There will be a number of kingdoms other than Carathusia (at least three), each with its own castle and two or more towns. Indeed, the player will start outside of Carathusia, away from the notice of the sorceror Jacobus. The player will have the opportunity, if he or she so desires, to visit each of the other kingdoms and seek the support of their kings before going up against Jacobus.

In the game, there will be three general location types: the overworld, in a top-down perspective; the towns, also in a top-down perspective; and dungeons, currently planned to be done in a 3D perspective. The 3D perspective of the dungeons Ultima and Wizardry will be updated somewhat with a nicer appearance, but I’m not an artist and don’t have a large budget, so don’t expect the Legend of Grimrock here. One side of me does want to change the plans somewhat and use 2D procedurally generated dungeons in the spirit of Nethack. These plans are guidelines, not set in stone. We’ll see what happens. In either case, the dungeons will provide ample opportunity for the grind, allowing the player to level up before fighting bosses.

With the above in mind, I began writing some code to try out displaying a map for the character to wander around. This served as sort of a “proof of concept” for the overworld. The next blog post will discuss the initial steps.

September 14, 2017

Asteroid Belt

Recently, instead of paying attention in Constitutional Law class I sloppily slapped together a simple game in order to reacquaint myself with the LibGDX framework. The result is a game of dodging and shooting relatively slow-moving asteroids.

I threw the game up (as a free app) on the Google Play Store and the Amazon App Store (the latter is an affiliate link, FYI). One of the draws of LibGDX is that it supports various platforms, one of which is Javascript/HTML5 using Google Web Toolkit. Because of this, you can also play “Asteroid Belt” online (left and right arrows move; spacebar shoots).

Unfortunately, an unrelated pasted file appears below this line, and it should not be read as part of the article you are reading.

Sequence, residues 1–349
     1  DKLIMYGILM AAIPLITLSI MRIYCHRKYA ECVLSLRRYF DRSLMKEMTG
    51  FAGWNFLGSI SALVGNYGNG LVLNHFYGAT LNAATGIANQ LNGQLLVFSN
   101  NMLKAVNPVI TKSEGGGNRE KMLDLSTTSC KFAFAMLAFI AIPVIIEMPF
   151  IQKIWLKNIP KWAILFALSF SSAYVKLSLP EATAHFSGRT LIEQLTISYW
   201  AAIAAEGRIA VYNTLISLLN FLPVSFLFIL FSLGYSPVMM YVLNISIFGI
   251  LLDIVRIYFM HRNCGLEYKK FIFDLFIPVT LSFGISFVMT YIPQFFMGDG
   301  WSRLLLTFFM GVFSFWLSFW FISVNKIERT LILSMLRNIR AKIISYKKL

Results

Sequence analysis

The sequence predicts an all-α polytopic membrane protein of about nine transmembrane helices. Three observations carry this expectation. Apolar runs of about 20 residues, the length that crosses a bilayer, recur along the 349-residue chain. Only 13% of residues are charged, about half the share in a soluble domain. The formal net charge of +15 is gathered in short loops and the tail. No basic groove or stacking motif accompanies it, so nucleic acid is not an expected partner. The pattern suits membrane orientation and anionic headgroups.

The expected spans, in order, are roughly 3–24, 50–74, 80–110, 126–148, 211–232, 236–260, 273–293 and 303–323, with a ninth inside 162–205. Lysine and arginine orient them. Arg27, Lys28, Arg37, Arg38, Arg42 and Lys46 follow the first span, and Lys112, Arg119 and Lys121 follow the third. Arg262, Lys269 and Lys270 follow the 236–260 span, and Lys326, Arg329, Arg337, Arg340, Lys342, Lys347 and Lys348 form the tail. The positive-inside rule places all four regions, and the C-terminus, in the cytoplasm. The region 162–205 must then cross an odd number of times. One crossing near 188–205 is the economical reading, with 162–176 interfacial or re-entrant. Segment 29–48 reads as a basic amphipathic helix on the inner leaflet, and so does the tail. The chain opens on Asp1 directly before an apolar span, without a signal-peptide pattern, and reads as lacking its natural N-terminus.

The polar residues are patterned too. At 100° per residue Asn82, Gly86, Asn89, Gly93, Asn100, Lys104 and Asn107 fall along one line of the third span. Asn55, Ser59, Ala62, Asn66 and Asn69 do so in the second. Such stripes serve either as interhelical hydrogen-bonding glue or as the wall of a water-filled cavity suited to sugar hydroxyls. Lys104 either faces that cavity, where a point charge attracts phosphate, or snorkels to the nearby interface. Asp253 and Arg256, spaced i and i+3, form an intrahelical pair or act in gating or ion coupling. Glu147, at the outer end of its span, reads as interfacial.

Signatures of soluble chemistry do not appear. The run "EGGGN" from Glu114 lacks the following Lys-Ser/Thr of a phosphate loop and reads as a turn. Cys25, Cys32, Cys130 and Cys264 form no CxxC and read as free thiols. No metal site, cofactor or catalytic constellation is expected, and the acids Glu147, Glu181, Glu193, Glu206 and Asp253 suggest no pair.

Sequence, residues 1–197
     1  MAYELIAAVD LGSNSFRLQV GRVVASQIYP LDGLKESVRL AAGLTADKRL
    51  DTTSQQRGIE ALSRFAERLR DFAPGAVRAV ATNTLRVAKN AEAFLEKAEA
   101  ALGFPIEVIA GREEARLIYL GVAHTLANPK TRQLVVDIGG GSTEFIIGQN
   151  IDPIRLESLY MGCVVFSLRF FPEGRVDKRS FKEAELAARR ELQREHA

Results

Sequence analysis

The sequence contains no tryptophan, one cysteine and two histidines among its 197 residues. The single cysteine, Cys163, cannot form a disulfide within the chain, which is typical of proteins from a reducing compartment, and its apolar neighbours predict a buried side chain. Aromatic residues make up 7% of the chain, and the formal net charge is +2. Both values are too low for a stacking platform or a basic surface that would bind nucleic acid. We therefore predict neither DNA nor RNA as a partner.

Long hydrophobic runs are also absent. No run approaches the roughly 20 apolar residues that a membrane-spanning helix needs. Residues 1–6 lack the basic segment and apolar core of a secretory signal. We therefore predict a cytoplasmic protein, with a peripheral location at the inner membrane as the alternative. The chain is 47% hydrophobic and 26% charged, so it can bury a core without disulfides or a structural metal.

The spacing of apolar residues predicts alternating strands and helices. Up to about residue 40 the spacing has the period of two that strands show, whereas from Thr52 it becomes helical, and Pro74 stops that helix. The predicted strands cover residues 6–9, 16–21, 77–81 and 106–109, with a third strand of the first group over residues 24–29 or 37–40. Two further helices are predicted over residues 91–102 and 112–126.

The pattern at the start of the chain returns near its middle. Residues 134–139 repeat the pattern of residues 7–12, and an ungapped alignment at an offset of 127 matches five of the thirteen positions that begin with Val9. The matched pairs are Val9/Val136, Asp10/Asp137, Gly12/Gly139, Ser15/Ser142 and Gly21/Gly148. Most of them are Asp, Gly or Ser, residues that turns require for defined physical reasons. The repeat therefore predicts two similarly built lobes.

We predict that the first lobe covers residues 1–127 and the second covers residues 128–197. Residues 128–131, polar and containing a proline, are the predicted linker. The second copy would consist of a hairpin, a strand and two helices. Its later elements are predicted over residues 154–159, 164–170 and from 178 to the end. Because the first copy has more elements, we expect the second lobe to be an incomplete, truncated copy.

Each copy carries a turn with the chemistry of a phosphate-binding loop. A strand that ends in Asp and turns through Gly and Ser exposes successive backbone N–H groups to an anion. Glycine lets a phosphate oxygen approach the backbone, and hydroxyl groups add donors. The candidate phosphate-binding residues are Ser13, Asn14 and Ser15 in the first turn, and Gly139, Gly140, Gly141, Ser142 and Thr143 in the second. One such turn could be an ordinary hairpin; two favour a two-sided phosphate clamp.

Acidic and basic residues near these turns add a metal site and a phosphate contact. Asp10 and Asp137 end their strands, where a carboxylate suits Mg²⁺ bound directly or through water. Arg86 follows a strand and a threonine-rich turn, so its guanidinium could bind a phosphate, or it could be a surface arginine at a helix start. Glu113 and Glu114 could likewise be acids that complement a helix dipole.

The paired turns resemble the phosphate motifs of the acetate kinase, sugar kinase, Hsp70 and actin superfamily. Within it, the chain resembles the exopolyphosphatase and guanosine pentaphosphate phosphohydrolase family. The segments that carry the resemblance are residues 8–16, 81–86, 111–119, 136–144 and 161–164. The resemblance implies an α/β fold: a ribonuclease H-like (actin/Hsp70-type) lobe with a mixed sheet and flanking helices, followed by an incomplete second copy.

The “Asteroid Belt” game was preliminary practice in anticipation of a more ambitious project. This new project is a western-style computer RPG in the tradition of “Ultima” and “Wizardry.” The current plan is for the game itself, called “Casus,” to be available as a free download on Google Play and Amazon, but with the twist that it will be in Latin. An English version (perhaps eventually localized with other languages) will be available for a small price.

I’m a huge fan of free (in the GNU sense) software, so I would like to eventually provide Casus under the GPL. Nonetheless, I would like app store exclusivity for my games for at least a certain amount of time. I’m trying to figure out the best way to work this out. One option is an initial release as a proprietary app, and a later GPL release. Another is releasing the source code under the GPL from the start, but using a restrictive license for the assets (graphics, sound, possibly story line), at least initially.

For now, expect some upcoming blog posts discussing the development of the forthcoming game…

August 16, 2017

Oración por convenio

Aquí se encuentran unas traducciones deprisa y no oficiales de unos documentos del sitio web de Denver Snuffer. Tratan de una nueva versión de las escrituras por un grupo que espera recibir, con otros de creencias similares, un convenio con Dios en una conferencia en Septiembre de este año, 2017. Por lo menos, da una vista a cosas interesantes que están pasando en el mormonismo hoy en día…

Oracion-por-Convenio

Respuesta-Convenio

Si alguien desea preparar una mejor traducción, puedo proveer versiones editables de los documentos. (Pero no siempre veo todos mis email, pues si no contesto dentro de 48 horas, mándamelo otra vez.)